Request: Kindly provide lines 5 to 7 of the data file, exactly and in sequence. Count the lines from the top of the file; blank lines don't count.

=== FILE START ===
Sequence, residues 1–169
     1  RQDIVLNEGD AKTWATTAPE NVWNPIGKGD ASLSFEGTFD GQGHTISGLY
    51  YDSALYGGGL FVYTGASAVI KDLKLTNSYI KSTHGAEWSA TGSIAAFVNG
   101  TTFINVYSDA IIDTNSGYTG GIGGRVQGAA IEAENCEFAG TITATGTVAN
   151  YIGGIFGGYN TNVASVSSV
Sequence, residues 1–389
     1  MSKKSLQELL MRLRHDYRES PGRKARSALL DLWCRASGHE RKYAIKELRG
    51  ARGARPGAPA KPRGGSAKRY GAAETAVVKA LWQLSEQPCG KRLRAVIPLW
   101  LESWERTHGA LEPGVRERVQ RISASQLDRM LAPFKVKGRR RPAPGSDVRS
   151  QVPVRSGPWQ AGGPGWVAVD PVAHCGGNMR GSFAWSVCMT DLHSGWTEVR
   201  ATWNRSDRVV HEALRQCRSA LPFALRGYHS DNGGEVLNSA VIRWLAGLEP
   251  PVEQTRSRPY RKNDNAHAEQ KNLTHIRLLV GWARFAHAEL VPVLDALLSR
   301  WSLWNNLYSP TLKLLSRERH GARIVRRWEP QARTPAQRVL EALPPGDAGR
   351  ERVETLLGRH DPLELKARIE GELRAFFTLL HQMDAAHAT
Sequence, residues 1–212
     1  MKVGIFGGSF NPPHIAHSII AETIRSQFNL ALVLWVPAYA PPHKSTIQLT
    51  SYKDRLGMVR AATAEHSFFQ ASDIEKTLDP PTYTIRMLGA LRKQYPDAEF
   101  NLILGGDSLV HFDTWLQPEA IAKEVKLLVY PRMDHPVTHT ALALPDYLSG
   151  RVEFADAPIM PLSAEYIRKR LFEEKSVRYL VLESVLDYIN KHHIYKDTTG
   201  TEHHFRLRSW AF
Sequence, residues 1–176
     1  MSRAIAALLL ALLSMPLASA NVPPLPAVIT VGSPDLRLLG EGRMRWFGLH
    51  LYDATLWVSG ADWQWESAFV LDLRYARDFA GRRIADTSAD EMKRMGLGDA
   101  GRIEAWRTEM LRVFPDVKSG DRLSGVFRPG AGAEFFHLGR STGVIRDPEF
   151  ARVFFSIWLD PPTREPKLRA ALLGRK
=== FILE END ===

   151  YIGGIFGGYN TNVASVSSV
Sequence, residues 1–389
     1  MSKKSLQELL MRLRHDYRES PGRKARSALL DLWCRASGHE RKYAIKELRG